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From "Sameer Paranjpye (JIRA)" <j...@apache.org>
Subject [jira] Commented: (HADOOP-66) dfs client writes all data for a chunk to /tmp
Date Tue, 07 Mar 2006 20:14:44 GMT
    [ http://issues.apache.org/jira/browse/HADOOP-66?page=comments#action_12369299 ] 

Sameer Paranjpye commented on HADOOP-66:

It doesn't make a lot of sense to buffer the entire block in RAM. On the other hand, an application
ought to be able to control the buffering strategy to some extent. Most stream implementations
have a setBufferSize() or equivalent method that allow programmers to do this. The default
buffer size is reasonably small so that many files can be opened without worrying too much
about buffering.

Besides the issues with filling up /tmp (32MB is a pretty large chunk to be writing there),
it's unclear that the scheme adds a lot of value, it may even be detrimental. If a connection
to a Datanode fails then why not try to recover by re-connecting and throw an exception if
that fails. If it's just the connection that has failed the client should be able to reconnect
pretty easily. If the Datanode is down for the count the odds are low (or are they?) that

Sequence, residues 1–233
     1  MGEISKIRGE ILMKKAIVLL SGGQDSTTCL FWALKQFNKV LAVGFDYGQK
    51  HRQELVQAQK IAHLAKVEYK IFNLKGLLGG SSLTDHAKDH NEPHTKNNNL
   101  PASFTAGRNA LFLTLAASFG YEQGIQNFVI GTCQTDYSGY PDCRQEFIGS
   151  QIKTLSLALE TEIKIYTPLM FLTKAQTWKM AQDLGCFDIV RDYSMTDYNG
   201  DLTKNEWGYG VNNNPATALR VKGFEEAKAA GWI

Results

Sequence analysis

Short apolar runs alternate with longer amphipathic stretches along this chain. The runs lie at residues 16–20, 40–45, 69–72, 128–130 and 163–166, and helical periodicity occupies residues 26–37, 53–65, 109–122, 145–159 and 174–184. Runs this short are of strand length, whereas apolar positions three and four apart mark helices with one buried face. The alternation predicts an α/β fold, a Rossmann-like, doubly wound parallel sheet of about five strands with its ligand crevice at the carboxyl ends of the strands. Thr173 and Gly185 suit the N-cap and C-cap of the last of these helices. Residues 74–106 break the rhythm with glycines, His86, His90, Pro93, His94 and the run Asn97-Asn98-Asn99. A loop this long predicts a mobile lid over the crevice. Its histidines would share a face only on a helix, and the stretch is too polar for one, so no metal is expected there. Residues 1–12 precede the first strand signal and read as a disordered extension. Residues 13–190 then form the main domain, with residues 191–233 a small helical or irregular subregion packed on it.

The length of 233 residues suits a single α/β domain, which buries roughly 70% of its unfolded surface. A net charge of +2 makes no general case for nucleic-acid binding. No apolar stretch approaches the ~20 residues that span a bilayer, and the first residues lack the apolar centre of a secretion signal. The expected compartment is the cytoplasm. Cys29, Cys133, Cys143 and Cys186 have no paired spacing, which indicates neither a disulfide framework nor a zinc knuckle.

it'll come back by the time the client finishes writing the block and the write will fail
anyway, so why write to a temp file. If it's common for Datanodes to bounce and come back
then Datanode stability is an problem that we should be working on. In that case, the temp
file is only a workaround and not a real solution, it might even be masking the problem in
many cases.

> dfs client writes all data for a chunk to /tmp
> ----------------------------------------------
>          Key: HADOOP-66
>          URL: http://issues.apache.org/jira/browse/HADOOP-66
>      Project: Hadoop
>         Type: Bug
>   Components: dfs
>     Versions: 0.1
>     Reporter: Sameer Paranjpye
>      Fix For: 0.1

> The dfs client writes all the data for the current chunk to a file in /tmp, when the
chunk is complete it is shipped out to the Datanodes. This can cause /tmp to fill up fast
when a lot of files are being written. A potentially better scheme is to buffer the written
data in RAM (application code can set the buffer size) and flush it to the Datanodes when
the buffer fills up.

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